5月 30、2024

The Boeing 757 has long been a stalwart of United Airlines' fleet, reliably serving countless routes with distinction. MotoArt is proud to preserve a piece of this illustrious history, transforming N559UA, a retired 757, into PlaneTags, allowing aviation enthusiasts to own a piece of this remarkable aircraft's legacy. Read more about it then secure your own United Airlines 757 PlaneTags for your collection. 

Boeing 757-200 series



The Boeing 757-200 series represents a pivotal era in commercial aviation, bridging old and new technologies with its advanced design and performance capabilities. Launched in the early 1980s, the 757 was designed to replace the older 727 on short and medium-haul routes. Its development was part of Boeing's broader strategy to modernize its fleet with more fuel-efficient, cost-effective, and technologically advanced aircraft. The 757-200 featured a high-bypass-ratio turbofan engine, which was revolutionary at the time, allowing for quieter operation and better fuel economy compared to the engines used in previous generations.

United Airlines was among the first to recognize the potential of the 757-200, integrating it into their fleet in 1982. The aircraft's introduction marked a significant upgrade for United in terms of operational efficiency and passenger comfort. Notably, the 757-200 was equipped with a supercritical wing design, which reduced drag and improved overall aerodynamic efficiency. This design allowed for greater range and speed, making the 757-200 an ideal choice for both domestic and transcontinental routes. Additionally, the 757's two-crew digital glass cockpit was a major advancement. It featured sophisticated avionics systems, including the first use of a fully digital electronic flight instrument system in a Boeing airliner, setting new standards in aviation technology and pilot interaction. United’s adoption of the 757-200 not only demonstrated a commitment to innovation but also significantly influenced its operational strategies, helping to streamline costs and enhance the flying experience for passengers.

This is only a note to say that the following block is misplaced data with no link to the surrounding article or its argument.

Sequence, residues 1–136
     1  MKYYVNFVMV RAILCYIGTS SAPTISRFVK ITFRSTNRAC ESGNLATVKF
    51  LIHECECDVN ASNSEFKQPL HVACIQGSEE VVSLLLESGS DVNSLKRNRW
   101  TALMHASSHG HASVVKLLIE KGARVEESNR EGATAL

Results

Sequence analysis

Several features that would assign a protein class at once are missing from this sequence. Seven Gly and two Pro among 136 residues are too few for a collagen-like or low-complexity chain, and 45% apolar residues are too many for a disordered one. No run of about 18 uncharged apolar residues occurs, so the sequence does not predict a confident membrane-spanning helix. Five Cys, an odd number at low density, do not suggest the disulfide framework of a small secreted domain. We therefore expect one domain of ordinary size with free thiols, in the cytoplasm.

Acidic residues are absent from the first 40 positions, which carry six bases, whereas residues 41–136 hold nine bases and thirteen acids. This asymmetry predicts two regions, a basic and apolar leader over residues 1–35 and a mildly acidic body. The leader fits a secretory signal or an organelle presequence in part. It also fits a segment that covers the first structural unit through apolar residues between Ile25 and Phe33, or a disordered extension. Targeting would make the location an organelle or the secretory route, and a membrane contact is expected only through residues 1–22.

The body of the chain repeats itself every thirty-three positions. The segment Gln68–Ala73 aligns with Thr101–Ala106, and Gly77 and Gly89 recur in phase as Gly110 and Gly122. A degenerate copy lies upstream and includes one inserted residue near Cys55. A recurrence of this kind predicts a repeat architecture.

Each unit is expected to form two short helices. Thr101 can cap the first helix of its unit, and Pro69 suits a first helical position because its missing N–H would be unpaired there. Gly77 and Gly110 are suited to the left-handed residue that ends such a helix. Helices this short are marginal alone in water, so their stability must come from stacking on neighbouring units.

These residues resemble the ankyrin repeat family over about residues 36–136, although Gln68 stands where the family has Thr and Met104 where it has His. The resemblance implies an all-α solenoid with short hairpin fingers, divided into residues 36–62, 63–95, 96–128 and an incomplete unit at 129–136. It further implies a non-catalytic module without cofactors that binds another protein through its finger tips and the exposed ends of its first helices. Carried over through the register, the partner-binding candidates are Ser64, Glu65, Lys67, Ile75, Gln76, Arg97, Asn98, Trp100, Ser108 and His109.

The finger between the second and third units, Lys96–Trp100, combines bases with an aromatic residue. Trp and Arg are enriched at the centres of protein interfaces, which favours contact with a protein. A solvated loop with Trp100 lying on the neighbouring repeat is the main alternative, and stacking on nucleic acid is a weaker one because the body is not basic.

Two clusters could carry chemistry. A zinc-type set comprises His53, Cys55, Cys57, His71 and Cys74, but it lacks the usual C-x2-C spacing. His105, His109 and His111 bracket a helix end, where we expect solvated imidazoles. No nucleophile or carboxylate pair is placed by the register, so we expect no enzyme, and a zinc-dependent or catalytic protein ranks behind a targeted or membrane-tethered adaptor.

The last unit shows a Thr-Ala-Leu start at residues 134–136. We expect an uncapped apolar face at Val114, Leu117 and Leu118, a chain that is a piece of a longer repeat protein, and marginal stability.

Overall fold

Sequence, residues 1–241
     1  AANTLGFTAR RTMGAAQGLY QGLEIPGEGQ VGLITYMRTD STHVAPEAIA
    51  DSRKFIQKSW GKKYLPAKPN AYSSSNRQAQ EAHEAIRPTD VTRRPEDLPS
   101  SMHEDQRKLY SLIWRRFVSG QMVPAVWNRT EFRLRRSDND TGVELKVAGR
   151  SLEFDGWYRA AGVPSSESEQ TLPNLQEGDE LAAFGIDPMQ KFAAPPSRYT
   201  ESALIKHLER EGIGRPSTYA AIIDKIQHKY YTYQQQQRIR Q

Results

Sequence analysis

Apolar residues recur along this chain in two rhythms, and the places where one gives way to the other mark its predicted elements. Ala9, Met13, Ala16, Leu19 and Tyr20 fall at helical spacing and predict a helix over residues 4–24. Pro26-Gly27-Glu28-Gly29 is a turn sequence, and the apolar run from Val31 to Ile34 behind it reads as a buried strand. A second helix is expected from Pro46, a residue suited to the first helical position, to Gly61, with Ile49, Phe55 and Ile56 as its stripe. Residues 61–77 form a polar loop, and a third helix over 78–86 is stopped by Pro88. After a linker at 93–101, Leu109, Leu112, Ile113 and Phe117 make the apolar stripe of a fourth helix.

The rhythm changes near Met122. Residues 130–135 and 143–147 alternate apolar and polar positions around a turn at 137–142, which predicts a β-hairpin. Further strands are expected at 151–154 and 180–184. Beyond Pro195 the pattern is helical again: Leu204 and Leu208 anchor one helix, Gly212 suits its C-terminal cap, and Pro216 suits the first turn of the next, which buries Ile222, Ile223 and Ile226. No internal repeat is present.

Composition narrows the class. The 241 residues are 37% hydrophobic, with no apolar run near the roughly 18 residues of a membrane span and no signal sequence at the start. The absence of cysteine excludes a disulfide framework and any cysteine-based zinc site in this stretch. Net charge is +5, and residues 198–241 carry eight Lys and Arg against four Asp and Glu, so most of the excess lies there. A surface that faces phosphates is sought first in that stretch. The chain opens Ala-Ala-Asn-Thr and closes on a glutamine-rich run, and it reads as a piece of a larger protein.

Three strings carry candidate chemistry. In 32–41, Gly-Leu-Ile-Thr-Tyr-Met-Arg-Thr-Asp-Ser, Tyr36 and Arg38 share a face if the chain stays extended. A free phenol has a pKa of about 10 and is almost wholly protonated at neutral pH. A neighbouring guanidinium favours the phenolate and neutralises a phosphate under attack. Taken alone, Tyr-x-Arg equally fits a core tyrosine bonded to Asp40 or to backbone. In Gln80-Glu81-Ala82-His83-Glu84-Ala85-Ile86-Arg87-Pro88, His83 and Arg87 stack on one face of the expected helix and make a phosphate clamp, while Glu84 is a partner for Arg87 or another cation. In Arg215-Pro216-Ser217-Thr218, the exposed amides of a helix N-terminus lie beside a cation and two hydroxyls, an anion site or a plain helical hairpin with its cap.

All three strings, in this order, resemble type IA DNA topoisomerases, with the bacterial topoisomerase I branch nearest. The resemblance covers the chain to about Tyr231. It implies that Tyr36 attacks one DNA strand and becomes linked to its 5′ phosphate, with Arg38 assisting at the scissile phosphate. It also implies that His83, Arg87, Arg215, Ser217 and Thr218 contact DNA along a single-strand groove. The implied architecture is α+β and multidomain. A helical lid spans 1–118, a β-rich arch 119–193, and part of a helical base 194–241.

United Airlines


United Airlines, one of the major flag carriers of the United States, traces its origins back to the early days of commercial aviation. It was officially founded on April 6, 1926, as Varney Air Lines by Walter Varney in Boise, Idaho. This humble beginning marked the start of a long journey among the skies. In 1931, after several mergers and expansions, the airline was rebranded as United Airlines. 

Over the decades, United has been involved in several notable events that shaped its history and that of aviation. The airline was the first to fly the Boeing 777 in 1995, further solidifying its reputation for embracing cutting-edge technology. United also played a significant role during World War II, contributing to war efforts by providing transport for troops and equipment.

Throughout the 20th century, United was at the forefront of numerous innovations, including the introduction of the Boeing 247 in 1933, a pioneering aircraft that significantly advanced commercial aviation by being faster and more reliable than its predecessors. A total of 75 Boeing Model 247s were produced, with United Air Lines (UAL) obtaining exclusive rights to the initial 60 units. This strategic move by UAL prompted its competitor, Trans World Airlines (TWA), to approach Douglas Aircraft with a request for a new aircraft that could not only compete with but potentially surpass the Model 247. This competition spurred the development of the Douglas DC-3, which would go on to become one of the most pivotal and influential aircraft in the history of aviation.




Historically, United has operated a fleet that featured some of the most iconic aircraft, such as the Boeing 747, affectionately known as the "Queen of the Skies," which it flew from 1970 until its retirement in 2017, and the Boeing 757, which served as a versatile workhorse for the airline's domestic and transcontinental routes. The airline has been known for its extensive international and domestic network, linking passengers to over 300 destinations worldwide.